The Impact of Social Media on Young People; should social media workshops be part of the National Curriculum?

I would describe myself as an avid social media observer rather than user. Contributing to social media discussions by posting and commenting should be something that we take considerable care over and in no demographic is this more apparent and applicable than teenagers and young adults.  The significance and impact of a throw away comment/retweet/picture on a twitter feed or Facebook page should not be underestimated as social media has changed the way we communicate; private conversations can become public and public conversations can become viral.

At 31 am one of the senior statesman in our office and the majority of my team and teams that surround me are occupied by younger, hipper and far more innovative individuals than myself. What they also all have in common is some degree of social media awareness and whether or not they know it, they had this particular skill set before they were employed.  When listening to social media, I am not convinced other young adults and teenagers share this awareness, in fact I would say the majority are in desperate need of education and support so they can understand how to use social media responsibly. This is supported by a lot of the conversations I have had over the past five years  with younger people who have fallen into the trap of misusing social media to the point where this has impacted on their own reputation so much that they now believe it is hindering their chances of employment.

With this in mind, take a look at Piers Morgan’s next tweet and look at the response he receives.  Now I am certainly not declaring myself a Piers Morgan fan but I am currently looking at his last tweet which was a simple reference to a plastic surgery article. It received over a dozen responses, 90% of which I cannot reference due to the language and general abuse used. Let’s look a little deeper; one of the comments posted was uploaded by what would seem to be a young man from the U.K. in which several profanities were used which contributed to a very unpleasant message.  This comment is visible on both Piers Morgan’s and more importantly the individual’s profile which is available for all to see. With an individual like Piers who regularly responds to such abuse, there is also the possibility of this comment going viral and as a result being presented directly to Google. What this means is that if you were to Google the individual’s name you would be likely to see the same offensive comment on page one of his search results. As an industry insider, let me tell you, this happens more often than you would expect.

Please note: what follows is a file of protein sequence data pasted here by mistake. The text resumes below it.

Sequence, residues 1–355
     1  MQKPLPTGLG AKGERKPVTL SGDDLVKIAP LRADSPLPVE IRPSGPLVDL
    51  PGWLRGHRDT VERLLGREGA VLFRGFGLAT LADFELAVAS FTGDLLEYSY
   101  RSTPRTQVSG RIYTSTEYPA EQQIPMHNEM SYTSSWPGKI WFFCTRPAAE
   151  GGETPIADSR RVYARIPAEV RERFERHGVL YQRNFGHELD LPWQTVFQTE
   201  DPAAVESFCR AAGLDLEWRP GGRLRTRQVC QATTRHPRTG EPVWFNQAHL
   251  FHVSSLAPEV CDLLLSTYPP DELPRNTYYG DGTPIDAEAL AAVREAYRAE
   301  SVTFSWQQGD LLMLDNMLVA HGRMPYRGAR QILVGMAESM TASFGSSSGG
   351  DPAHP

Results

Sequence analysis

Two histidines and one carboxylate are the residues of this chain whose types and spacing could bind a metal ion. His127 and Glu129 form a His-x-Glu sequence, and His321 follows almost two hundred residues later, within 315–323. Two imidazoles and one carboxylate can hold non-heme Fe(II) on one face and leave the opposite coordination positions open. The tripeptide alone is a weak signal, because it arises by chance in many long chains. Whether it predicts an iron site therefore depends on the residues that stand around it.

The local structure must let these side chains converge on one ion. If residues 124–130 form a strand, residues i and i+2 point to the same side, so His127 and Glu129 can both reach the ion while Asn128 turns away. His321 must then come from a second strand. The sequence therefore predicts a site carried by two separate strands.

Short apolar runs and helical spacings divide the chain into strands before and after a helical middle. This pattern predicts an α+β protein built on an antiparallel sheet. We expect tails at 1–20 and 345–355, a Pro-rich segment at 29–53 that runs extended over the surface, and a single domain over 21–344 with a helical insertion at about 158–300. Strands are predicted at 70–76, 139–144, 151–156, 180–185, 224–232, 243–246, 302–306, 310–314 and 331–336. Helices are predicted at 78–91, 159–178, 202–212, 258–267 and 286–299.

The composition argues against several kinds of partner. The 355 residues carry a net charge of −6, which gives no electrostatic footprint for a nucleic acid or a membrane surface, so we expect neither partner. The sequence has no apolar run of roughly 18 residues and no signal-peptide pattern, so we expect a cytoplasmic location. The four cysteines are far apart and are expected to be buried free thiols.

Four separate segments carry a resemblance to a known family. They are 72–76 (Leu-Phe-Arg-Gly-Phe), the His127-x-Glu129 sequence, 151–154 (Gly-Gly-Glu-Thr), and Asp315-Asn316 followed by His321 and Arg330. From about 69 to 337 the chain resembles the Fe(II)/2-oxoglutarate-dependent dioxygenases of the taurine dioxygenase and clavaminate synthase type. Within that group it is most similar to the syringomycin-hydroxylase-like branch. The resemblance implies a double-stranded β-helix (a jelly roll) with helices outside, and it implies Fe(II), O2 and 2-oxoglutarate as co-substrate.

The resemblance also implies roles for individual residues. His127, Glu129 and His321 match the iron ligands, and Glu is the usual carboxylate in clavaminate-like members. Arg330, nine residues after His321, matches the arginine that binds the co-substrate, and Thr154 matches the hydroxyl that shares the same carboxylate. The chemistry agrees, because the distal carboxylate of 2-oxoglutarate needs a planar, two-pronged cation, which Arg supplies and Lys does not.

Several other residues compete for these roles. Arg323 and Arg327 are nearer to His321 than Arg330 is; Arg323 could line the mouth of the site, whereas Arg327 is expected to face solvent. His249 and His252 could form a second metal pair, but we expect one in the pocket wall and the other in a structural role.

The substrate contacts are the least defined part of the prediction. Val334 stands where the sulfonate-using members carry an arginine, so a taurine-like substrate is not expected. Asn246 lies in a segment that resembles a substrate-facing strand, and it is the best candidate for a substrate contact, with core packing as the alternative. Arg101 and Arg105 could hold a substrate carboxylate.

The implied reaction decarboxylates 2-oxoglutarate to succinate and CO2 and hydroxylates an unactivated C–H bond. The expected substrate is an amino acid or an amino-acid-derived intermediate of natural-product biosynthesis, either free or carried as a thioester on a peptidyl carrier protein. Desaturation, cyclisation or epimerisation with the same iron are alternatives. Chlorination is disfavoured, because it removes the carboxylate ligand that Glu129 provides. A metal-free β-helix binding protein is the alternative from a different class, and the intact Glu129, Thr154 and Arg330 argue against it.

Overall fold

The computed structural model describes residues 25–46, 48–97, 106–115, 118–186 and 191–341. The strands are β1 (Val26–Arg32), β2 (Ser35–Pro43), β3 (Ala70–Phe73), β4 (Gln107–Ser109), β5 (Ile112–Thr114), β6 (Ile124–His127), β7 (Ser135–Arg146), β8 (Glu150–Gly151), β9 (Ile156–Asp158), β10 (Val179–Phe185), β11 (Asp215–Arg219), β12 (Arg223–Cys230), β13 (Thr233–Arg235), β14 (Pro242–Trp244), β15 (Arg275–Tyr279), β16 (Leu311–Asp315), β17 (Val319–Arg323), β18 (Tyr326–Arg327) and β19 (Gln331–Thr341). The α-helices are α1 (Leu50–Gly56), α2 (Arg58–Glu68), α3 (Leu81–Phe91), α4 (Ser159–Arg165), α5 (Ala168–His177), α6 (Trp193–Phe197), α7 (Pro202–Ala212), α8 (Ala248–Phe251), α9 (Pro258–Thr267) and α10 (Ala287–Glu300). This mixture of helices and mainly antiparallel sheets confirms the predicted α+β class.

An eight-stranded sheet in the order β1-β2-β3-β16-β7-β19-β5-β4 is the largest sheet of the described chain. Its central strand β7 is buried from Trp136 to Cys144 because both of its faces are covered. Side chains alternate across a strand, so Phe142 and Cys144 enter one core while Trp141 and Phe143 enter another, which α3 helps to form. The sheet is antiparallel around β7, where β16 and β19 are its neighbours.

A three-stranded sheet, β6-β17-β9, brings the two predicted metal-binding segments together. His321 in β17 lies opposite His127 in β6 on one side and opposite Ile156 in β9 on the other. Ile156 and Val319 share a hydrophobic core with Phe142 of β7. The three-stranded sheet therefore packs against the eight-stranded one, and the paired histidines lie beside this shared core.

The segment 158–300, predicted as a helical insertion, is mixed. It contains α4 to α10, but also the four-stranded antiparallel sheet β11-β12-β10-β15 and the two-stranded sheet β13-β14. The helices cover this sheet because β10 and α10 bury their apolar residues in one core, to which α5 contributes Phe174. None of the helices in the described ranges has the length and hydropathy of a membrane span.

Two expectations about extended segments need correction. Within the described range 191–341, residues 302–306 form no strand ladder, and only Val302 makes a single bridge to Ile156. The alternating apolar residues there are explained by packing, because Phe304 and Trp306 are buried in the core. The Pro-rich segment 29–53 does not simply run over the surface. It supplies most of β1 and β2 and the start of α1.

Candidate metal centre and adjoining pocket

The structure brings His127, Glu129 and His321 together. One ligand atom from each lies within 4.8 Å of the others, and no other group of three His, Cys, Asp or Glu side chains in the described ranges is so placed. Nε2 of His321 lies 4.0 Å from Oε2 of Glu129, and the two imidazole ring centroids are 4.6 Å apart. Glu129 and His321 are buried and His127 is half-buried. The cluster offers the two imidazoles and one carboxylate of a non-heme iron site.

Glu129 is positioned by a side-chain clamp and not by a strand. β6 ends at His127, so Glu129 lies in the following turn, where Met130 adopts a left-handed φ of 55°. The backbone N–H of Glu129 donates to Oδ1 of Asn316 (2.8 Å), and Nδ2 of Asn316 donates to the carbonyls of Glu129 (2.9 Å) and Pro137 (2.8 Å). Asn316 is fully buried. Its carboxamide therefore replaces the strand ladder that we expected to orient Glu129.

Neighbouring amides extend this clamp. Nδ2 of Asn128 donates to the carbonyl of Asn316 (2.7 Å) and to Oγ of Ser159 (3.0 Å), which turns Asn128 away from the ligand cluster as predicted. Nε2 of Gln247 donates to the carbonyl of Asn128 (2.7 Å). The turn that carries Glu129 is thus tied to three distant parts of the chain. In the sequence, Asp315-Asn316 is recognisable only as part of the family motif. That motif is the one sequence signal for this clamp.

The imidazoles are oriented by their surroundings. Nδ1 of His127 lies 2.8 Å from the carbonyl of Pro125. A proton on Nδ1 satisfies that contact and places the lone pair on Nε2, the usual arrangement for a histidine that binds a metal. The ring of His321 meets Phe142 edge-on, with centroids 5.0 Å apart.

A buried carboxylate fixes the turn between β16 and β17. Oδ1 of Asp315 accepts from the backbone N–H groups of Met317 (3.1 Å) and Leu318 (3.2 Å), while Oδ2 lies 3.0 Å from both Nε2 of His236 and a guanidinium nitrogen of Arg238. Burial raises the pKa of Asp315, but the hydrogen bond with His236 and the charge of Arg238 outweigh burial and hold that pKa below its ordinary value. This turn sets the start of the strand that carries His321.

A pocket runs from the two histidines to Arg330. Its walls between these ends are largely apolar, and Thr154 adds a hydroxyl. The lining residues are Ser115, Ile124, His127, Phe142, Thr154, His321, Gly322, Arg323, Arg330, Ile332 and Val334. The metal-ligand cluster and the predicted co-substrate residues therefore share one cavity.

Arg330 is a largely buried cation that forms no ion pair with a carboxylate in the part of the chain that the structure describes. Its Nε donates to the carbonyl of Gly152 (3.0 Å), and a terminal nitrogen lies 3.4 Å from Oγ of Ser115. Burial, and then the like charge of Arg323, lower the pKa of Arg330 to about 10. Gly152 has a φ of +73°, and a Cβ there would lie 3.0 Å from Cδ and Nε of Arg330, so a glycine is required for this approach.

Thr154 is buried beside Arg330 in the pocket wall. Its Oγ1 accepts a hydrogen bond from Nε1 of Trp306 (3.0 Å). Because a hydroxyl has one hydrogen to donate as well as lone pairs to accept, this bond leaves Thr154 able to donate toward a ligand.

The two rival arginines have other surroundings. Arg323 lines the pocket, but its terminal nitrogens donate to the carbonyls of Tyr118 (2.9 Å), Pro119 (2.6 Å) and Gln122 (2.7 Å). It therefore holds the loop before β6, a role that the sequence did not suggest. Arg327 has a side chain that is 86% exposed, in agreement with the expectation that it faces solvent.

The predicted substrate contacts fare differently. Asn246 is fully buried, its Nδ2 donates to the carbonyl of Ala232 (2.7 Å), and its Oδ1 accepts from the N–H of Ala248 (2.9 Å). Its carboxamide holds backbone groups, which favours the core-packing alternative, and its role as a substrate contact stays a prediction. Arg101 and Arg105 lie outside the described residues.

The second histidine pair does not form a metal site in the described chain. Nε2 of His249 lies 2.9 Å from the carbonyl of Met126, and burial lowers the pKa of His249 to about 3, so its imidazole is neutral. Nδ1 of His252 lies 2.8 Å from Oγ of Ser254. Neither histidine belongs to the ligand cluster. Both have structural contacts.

Comments that often contain abuse come from what would look like made up handles with generic images and are often referred to as ‘Trolls’. We can speculate as to what kind of person would write such obscene comments on a public platform and whilst this type of person is not the target audience for this particular article, it does represent an excellent example of how an ill thought out comment could potentially go viral. It’s the younger generation we need to look out and take responsibility for.

It’s very difficult for a parent to police social media and if they do not allow their children to use the internet, they are in danger of alienating them. Most parents and adults today grew up using landline telephones, buying CD’s from the high street and knocking on doors for friends. They are not as well versed in social media as the next generation of parents will be which means there is currently a whole generation who are not receiving the kind of guidance and support required to use social media in a responsible way.  One real opportunity that could address this issue is to start simple workshops in schools for children from the age of 13 as the way they use social media will undoubtedly have an impact on how they are perceived by others.

We cannot expect teens and young adults to use social media responsibly without the right sort of prior guidance just as we wouldn’t expect them to be able to complete an algebraic equation without first being taught the rules required to solve it.

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